- The Washington Times - Wednesday, April 27, 2016

The Supreme Court nomination of Judge Merrick Garland received a morale boost of sorts Wednesday when former Sen. Tom Coburn, a Republican, came out in favor of the Senate holding a confirmation hearing and a vote.

“I think the Senate ought to do its duty,” Mr. Coburn told the Oklahoman during a visit to Capitol Hill. “And the committee ought to vote him up or down.”

His comments came before Judge Garland met with Oklahoma’s two current senators, Republicans James Lankford and James M. Inhofe.

The White House, still trying to find momentum for the nominee 42 days after President Obama made the choice, seized on Mr. Coburn’s comments.

White House press secretary Josh Earnest said Mr. Coburn “is often referred to as the conscience of the Senate.”

“He made clear in his typical, avuncular style, that the Senate should do its job, and there is no excuse for Republicans refusing to consider voting on the nomination of Chief Judge Garland,” he said. “Hopefully that counsel from the former Republican senator of Oklahoma will have an influence over the current Republican senators from Oklahoma.”

Mr. Earnest said he couldn’t rule out that someone from the White House might have lobbied Mr. Coburn, who bonded with Mr. Obama while in office.

“Obviously, Senator Coburn was a pretty conservative Republican, and his personal affection for President Obama is well-known, and certainly transcends their partisan differences,” Mr. Earnest said. “But I don’t have any reason to believe that he was communicating anything other than his own personal view with his own personal conviction about how important it is for the Senate to vote on Chief Judge Garland’s nomination because it’s their constitutional responsibility to do so.”

A liberal group tied to the White House accused Senate Republican leaders of being “afraid” to hold a confirmation hearing for Judge Garland.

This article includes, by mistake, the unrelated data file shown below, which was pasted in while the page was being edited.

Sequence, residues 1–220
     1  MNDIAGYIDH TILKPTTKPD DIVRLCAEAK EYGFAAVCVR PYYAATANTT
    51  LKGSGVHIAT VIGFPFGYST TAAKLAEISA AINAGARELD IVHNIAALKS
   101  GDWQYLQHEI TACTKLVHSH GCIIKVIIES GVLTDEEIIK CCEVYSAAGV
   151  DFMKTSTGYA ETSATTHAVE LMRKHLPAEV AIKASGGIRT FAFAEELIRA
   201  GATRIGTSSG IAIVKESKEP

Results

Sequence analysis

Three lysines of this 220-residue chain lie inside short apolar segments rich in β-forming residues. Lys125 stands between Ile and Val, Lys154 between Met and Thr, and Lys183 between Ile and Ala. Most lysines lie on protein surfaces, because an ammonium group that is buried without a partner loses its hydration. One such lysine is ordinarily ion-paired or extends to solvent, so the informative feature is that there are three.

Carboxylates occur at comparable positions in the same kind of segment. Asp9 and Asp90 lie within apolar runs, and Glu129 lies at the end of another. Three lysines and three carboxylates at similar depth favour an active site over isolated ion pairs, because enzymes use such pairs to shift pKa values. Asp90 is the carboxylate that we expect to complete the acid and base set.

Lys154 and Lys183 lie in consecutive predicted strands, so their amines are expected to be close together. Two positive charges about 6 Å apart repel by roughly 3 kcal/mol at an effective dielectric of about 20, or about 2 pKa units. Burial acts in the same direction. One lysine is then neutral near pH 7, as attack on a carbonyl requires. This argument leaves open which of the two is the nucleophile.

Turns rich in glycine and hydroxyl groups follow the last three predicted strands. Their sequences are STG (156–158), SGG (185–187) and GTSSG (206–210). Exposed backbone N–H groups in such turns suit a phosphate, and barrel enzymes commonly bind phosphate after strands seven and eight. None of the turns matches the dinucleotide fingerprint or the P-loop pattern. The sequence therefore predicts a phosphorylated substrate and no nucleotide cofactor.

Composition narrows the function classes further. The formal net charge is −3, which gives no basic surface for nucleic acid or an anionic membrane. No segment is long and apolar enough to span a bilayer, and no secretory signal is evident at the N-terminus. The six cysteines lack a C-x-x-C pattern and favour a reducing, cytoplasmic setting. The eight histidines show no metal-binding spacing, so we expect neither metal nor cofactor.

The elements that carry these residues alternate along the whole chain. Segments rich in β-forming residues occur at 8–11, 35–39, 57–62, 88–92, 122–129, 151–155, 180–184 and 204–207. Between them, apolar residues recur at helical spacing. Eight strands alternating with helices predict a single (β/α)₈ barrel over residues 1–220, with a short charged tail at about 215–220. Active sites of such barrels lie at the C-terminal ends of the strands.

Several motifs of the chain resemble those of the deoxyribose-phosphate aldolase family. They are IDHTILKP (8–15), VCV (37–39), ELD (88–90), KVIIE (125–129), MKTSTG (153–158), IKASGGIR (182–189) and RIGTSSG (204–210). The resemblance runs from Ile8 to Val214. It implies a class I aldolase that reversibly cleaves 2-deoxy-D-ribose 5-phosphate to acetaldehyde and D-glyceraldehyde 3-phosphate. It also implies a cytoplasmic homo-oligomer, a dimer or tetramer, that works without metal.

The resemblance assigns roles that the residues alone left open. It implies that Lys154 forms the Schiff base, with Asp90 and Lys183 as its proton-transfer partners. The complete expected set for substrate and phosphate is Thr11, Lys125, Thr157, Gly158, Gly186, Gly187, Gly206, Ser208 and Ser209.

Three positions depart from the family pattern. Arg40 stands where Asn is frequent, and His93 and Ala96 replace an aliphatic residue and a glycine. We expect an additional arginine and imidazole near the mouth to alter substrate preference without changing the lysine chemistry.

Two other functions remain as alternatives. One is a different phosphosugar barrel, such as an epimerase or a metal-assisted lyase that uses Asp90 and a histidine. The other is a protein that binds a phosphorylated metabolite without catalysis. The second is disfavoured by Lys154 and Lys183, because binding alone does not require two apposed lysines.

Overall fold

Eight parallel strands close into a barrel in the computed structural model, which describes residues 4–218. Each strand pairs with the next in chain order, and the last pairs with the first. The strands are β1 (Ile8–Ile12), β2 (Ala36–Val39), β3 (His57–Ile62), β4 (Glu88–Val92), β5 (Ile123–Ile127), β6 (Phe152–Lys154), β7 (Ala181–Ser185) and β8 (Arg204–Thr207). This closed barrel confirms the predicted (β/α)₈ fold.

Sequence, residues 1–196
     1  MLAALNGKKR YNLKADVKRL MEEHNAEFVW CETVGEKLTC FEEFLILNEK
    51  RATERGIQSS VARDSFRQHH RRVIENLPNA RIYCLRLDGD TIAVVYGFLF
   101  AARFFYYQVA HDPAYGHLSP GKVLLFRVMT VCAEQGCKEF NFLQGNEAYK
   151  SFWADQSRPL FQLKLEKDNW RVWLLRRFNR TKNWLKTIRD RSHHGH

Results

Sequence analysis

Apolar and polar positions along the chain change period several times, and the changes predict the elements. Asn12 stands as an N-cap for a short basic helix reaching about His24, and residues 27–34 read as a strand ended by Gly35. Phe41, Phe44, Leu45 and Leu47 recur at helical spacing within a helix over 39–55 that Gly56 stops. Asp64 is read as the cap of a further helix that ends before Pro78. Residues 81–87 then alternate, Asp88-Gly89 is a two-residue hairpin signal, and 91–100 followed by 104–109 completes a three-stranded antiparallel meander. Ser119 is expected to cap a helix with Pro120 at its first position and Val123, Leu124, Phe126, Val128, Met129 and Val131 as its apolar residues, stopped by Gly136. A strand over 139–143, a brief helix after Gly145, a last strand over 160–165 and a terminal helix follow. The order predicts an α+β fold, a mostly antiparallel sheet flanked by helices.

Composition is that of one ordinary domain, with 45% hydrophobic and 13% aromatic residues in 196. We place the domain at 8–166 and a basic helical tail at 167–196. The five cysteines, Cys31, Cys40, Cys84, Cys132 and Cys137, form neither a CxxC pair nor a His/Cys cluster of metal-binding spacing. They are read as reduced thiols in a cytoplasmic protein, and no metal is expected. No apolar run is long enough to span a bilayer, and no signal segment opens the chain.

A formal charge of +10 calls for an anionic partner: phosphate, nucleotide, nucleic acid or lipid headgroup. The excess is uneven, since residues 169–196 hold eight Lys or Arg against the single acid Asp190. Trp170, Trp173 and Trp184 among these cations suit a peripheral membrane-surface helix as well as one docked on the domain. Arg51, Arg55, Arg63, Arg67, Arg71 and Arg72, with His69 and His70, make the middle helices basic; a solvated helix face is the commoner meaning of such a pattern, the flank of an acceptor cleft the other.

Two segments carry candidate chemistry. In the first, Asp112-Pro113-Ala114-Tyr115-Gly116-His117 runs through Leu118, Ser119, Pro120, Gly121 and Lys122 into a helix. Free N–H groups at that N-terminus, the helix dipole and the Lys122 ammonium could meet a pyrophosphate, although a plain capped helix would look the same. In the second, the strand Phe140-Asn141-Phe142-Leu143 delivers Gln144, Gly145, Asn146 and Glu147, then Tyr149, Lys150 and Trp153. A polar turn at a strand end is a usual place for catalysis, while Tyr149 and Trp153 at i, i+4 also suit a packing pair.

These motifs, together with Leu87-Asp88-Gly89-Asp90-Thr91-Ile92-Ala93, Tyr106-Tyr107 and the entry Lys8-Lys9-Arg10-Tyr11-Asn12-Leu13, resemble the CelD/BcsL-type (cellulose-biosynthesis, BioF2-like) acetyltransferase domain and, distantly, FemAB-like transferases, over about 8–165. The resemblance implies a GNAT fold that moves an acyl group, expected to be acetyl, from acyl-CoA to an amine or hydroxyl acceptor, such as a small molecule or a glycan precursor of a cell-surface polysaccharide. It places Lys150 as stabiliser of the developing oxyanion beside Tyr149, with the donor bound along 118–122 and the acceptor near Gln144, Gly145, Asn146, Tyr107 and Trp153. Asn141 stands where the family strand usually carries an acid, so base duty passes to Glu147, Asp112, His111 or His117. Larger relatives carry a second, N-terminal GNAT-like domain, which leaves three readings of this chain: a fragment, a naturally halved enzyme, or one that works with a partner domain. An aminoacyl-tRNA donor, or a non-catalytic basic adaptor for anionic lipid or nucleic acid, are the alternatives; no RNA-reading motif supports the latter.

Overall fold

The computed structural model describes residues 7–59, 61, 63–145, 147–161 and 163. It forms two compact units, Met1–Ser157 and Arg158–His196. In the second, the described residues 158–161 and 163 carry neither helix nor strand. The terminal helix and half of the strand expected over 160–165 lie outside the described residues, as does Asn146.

In an email to supporters, Organizing for Action official Jack Shapiro said Senate Majority Leader Mitch McConnell and Senate Judiciary Chairman Charles Grassley are “skipping out on their jobs for a reason.”

“I think they’re afraid the American people can see through their partisan political games,” Mr. Shapiro said. “They’re afraid that the American people will find out that Judge Garland is an experienced and reasonable judge who will fairly interpret the law.”

He said if GOP lawmakers have legitimate concerns about President Obama’s nominee, “they should hold a hearing and ask some questions on the people’s behalf.”

Judge Garland also met Wednesday with Republican Sen. Mike Rounds of South Dakota, and Sen. Bill Nelson, Florida Democrat. On Thursday he’ll meet with Democratic Sens. Gary Peters of Michigan and Ron Wyden of Oregon.

Mr. Earnest criticized Republican lawmakers for “denying the American public the opportunity to hear directly” from Judge Garland, and he singled out Republican Sen. Pat Toomey of Pennsylvania for raising concerns about the nominee’s record.

“For Senator Toomey to criticize Chief Judge Garland and his record without giving Chief Judge Garland the opportunity to answer questions about it, that’s just unfair,” Mr. Earnest said Tuesday. “It’s even worse when you consider that it’s Senator Toomey’s job to ensure that Chief Judge Garland has an opportunity to discuss these issues in public. So it’s not just unfair, it is a classic example of Washington obstruction that, frankly, I think the American people are going to be pretty dissatisfied with.”

Mr. Toomey won the GOP nomination for another term Tuesday night in Pennsylvania and will face Democrat Katie McGinty, a former EPA official in the Clinton administration, in November.

Mr. Earnest pointed to the comments of Rep. David Jolly, a Florida Republican vying for a Senate seat in November, who broke from his party’s position Monday and said Republicans should hold a confirmation hearing and vote on Judge Garland this year.

“We’re talking about a Republican candidate that’s running in the biggest swing state in the country, and even he is making the case that Chief Judge Garland deserves a hearing and a vote,” Mr. Earnest said. “I think that’s a pretty good piece of evidence that Republicans continue to feel pressure from the public.”


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